When Carl and Emily Whitworth took over his grandfather’s ag operation near Doole in west-central Texas, they knew they would have to make some changes.
The sixth-generation producers respect the traditional ways of working the land and raising goats and sheep. But they also want to pass their agricultural legacy on to the next generation.
“In our business, there’s too much looking back instead of looking forward,” Carl says. “We want to make farming and ranching work in 2022 — and beyond.”
To ensure that happens, the young couple has turned to more sustainable farming practices and diversified their operation.
Common goat ranching background
Now in their eighth year of ag production, Carl and Emily raise Kensing Spanish goats, fine-wool club lambs, Angus–Saler crossbred “heifer bulls,” cotton and wheat on the century-old Whitworth Ranch and leased acreage. They also graze goats out of state.
Goat ranching is part of their joint heritage. Emily was reared on her family’s Earwood Ranch south of Sonora, Texas, where they produced Angora goats and fine mohair. Fifty miles east, Carl grew up helping his father, David Whitworth, to ranch and run Spanish goats near Junction.
They knew each other through 4-H and sports activities and started dating at Texas A&M University. After graduating with animal science degrees in 2012, they married and moved in with Carl’s grandfather, the late V.C. Whitworth, on the Whitworth Ranch.
“‘Papal’ was 88 at the time and still running the place,” Carl says. “So, we partnered with him and helped him with his sheep, goats, cattle and crops. But we didn’t have a lot of say in how things were done.”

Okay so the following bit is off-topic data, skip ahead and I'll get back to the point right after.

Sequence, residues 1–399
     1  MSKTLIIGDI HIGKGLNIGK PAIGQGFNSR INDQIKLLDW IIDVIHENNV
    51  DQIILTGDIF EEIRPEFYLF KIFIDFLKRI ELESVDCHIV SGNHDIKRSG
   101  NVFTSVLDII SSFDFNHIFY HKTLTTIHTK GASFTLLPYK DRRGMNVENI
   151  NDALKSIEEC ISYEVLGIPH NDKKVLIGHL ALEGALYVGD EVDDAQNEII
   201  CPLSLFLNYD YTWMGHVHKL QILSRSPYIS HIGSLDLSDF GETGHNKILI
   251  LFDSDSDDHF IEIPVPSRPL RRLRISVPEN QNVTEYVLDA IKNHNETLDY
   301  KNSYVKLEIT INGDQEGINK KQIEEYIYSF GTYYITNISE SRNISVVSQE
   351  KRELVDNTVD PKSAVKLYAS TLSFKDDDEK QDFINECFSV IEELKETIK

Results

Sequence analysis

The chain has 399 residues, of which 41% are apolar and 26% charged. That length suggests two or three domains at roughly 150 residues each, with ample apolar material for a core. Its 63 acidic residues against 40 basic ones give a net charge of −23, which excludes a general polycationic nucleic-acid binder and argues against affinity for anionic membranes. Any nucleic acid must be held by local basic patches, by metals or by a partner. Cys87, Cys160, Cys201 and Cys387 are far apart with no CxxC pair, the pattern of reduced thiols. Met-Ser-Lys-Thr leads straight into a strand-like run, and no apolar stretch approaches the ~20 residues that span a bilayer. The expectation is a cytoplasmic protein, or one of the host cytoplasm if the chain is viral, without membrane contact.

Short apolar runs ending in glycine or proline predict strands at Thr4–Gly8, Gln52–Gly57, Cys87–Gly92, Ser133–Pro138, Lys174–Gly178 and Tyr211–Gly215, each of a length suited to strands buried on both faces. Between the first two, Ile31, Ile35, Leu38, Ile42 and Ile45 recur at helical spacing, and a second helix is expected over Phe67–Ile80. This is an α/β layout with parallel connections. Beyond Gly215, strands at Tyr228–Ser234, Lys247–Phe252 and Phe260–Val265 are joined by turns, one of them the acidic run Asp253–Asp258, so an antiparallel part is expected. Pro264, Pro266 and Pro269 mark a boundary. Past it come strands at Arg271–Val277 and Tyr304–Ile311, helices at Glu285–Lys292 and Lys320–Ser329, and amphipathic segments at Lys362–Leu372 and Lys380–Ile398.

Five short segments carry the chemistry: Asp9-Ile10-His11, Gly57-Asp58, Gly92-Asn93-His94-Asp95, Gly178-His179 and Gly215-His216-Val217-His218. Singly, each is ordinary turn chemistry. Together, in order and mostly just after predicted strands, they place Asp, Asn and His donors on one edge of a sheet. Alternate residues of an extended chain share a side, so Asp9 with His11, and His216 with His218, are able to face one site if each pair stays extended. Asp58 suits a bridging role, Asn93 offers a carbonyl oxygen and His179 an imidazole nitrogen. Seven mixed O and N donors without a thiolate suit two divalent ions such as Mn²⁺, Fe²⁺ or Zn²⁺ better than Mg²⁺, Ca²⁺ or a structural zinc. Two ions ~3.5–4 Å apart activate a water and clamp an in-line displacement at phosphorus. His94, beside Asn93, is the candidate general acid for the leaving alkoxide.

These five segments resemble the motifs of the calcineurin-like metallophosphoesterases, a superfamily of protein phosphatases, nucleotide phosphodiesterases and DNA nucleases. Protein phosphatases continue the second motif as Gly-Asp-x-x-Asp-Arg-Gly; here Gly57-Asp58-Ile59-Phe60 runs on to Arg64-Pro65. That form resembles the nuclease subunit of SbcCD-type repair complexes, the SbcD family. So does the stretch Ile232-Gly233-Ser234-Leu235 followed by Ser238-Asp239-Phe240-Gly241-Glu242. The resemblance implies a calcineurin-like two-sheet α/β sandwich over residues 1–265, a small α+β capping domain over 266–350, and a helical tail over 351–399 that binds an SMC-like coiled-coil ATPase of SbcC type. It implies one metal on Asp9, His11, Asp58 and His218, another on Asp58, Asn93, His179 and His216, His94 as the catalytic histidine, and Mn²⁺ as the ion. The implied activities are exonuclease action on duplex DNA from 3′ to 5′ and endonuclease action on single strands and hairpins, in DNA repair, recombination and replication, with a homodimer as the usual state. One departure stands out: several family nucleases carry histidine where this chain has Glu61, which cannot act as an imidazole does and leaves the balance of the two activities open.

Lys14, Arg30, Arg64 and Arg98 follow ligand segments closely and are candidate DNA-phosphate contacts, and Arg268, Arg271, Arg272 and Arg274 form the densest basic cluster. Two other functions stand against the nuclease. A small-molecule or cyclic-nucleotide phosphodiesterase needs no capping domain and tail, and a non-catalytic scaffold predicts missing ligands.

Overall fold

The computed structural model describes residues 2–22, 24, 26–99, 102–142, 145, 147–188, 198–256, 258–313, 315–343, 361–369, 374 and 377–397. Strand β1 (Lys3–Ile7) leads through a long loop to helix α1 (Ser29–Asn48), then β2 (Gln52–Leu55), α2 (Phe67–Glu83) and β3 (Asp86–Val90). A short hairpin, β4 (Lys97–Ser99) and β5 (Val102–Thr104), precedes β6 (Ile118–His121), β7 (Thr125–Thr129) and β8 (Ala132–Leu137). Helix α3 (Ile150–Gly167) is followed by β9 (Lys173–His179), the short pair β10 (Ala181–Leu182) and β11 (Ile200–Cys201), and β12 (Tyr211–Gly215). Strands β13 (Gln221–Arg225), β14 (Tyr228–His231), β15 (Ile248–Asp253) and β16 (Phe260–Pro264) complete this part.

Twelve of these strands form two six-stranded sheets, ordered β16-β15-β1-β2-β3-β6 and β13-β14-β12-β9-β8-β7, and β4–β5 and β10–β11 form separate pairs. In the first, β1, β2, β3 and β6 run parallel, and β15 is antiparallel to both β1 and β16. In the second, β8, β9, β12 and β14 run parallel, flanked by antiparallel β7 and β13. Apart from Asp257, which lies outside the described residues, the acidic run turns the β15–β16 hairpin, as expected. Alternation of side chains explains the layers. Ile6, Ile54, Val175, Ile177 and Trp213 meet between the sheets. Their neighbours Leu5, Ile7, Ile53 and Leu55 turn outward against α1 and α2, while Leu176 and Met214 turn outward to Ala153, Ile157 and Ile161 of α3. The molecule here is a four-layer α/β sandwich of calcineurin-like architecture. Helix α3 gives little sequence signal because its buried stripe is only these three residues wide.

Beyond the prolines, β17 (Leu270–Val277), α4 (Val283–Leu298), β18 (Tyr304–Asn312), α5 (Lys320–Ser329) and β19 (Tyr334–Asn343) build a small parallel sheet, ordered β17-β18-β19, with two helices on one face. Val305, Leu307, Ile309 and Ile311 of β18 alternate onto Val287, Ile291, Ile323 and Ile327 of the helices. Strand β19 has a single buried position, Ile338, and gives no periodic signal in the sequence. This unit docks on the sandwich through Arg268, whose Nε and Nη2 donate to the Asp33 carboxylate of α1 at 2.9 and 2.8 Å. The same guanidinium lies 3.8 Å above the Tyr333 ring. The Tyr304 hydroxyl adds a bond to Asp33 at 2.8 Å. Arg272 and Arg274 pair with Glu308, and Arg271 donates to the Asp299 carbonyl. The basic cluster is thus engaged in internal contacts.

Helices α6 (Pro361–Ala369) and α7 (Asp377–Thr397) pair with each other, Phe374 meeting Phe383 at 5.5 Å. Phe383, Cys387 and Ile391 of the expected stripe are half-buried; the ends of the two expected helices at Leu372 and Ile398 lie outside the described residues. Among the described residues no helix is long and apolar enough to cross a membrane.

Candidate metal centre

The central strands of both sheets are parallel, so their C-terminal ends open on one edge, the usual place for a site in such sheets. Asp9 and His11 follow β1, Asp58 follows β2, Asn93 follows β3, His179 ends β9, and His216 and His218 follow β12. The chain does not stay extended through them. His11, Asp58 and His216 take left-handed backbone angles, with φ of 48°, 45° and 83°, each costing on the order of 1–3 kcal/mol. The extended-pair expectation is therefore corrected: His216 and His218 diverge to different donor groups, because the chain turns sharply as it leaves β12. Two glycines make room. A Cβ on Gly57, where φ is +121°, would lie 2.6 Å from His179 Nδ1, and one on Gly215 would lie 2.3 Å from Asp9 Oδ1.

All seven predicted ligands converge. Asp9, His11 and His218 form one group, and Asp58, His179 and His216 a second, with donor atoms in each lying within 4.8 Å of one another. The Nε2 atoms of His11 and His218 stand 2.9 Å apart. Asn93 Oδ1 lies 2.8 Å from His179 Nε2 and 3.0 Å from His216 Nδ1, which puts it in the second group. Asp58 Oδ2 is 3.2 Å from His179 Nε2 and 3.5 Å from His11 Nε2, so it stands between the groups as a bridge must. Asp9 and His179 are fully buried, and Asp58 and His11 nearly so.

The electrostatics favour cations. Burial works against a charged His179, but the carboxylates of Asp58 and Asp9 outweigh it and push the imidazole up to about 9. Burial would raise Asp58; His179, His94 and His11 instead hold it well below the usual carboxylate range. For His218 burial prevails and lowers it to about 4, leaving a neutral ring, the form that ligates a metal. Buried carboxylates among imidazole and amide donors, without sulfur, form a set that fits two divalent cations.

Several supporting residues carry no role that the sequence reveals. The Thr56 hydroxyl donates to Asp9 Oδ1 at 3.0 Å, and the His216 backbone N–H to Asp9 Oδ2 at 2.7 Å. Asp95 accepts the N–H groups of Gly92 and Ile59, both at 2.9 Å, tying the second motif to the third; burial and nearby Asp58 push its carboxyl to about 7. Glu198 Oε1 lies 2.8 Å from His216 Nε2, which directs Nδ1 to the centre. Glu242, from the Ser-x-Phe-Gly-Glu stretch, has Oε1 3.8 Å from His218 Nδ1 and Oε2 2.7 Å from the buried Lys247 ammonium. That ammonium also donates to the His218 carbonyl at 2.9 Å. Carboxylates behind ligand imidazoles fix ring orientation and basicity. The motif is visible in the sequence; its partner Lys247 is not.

That changed two years later when V.C. retired and left Carl and Emily to manage the place.
“We went from three plows a year to one plow, and then no-till and cover crops. If your soil has been getting fertilizer, you don’t just stop. As you build organic matter and healthier soil, you can do away with fertilizers and herbicides.”
– Carl Whitworth
Cover crops and zero tillage
For years, farmland on the Whitworth Ranch was plowed for wheat and cotton and left fallow between crops. To revitalize the soil and reduce farming costs, the couple transitioned to more regenerative practices — cover crops and zero tillage.
By adopting conservation tillage practices, they've cut down on labor, fuel, fertilizers and equipment costs. Less plowing also means less erosion and more nutrients in the soil. But all that didn’t happen right away.
“We went from three plows a year to one plow, and then no-till and cover crops,” Carl says. “If your soil has been getting fertilizer, you don’t just stop. As you build organic matter and healthier soil, you can do away with fertilizers and herbicides.
“It’s a process to move away from plowing,” he adds. “I’ve learned that you have to do something for five or so years. If you’re trying for a quick return, then you’re headed for trouble.”
To further boost their land’s productivity, the Whitworths combine no-till with cover crops. As part of their annual rotation, they plant a warm-season mix of sorghum-sudangrass, pearl millet, cowpeas, buckwheat and sunflowers. The cowpeas are a legume that fixes nitrogen in the soil. The sorghum and other plants build organic matter, which feeds microbes and boosts the soil’s water-holding capacity.